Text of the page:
“Equality of rights under the law shall not be denied or abridged by the United States or by any state on account of sex.” This powerful idea was conceived in 1923 by American suffragist Alice Paul. In 1776, we declared that all men are created equal and endowed with certain unalienable rights, including life, liberty and the pursuit of happiness. It was Alice Paul’s vision that the women of America should be guaranteed those same freedoms and rights.
After 49 years and tireless advocacy, Alice Paul’s Equal Rights Amendment (ERA) finally gained passage in Congress in 1972 with the support of President Richard Nixon. But only 35 of the needed 38 states achieved ratification within the required time frame. The ERA has recently seen new life, with Nevada becoming the 36th state to ratify in 2017 and Illinois following suit this past week. When 38 states finally achieve ratification, legal analysis shows a case can be made to enact the ERA.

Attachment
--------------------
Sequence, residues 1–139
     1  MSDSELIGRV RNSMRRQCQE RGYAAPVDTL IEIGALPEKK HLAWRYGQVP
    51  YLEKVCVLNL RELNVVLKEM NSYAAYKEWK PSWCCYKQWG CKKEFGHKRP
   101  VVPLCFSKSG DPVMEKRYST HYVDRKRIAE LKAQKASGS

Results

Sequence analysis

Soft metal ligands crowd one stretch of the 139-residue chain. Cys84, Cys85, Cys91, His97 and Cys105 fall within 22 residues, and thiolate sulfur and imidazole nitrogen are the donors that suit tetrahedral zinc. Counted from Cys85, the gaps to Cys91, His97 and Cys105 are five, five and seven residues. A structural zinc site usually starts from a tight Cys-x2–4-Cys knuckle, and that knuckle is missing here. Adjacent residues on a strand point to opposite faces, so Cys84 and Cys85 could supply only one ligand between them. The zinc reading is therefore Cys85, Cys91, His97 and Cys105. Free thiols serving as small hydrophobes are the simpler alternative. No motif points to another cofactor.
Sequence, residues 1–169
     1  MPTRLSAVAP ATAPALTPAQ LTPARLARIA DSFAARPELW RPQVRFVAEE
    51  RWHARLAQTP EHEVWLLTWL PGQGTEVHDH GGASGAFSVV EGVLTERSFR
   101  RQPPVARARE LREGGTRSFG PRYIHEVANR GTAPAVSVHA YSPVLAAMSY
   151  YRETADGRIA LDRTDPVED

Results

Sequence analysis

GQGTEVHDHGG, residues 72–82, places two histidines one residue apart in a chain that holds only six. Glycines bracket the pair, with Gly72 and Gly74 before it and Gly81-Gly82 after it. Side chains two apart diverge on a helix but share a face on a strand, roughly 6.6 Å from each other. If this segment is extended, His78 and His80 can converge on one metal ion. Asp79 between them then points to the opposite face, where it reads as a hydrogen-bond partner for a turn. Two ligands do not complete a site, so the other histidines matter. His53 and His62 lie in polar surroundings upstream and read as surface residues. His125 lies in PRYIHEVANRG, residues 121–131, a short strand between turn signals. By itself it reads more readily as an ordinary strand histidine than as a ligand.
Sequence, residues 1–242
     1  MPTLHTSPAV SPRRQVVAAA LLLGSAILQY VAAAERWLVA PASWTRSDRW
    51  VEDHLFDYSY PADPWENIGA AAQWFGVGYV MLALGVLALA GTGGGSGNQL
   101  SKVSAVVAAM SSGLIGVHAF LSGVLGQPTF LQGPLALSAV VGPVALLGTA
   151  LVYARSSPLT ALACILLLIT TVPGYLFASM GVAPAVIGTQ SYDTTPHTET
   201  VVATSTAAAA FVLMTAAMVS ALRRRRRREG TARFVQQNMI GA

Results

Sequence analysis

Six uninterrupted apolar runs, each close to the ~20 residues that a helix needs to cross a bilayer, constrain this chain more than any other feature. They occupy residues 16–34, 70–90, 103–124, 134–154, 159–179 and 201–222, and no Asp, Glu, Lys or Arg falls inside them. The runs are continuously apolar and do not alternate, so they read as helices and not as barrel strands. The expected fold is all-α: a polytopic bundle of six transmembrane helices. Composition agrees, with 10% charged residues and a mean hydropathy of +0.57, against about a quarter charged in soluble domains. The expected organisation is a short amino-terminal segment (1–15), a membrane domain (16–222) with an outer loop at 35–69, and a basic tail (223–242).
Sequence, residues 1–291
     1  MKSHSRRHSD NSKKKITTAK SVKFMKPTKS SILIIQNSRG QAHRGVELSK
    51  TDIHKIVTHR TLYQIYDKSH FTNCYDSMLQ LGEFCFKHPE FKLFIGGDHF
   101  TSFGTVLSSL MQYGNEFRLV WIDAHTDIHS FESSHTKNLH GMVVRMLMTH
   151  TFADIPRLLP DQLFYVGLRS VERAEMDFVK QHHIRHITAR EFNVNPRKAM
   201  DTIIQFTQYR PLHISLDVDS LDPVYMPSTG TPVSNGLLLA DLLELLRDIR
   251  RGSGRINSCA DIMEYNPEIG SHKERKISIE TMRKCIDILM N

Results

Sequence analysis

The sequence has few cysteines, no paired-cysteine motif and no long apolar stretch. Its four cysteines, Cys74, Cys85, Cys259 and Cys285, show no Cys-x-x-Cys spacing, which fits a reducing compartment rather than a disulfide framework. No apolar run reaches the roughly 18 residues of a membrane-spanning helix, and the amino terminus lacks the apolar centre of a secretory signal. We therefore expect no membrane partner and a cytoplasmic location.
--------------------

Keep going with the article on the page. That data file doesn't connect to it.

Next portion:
The ERA is as relevant to American women today as it was nearly 100 years ago. The ERA guarantees equality for women under the law and protects women from gender discrimination. The ERA will establish a legal precedent for equal pay for equal work, equal access to education and health care, and allow us to legally contest economic inequality, pregnancy discrimination, and violence against women.
Join the League of Women Voters of Arizona in advocating for Arizona to become the final state to ratify the ERA. This year marks the second consecutive year that an ERA bill failed to see a vote in the state Legislature. We must convince our state legislators to prioritize the ERA in the next legislative session. Arizona can play an instrumental role in achieving constitutionally guaranteed equality for all women in the United States. Equal means equal.
Michelle Dorsey, MD, is vice president, League of Women Voters of Arizona
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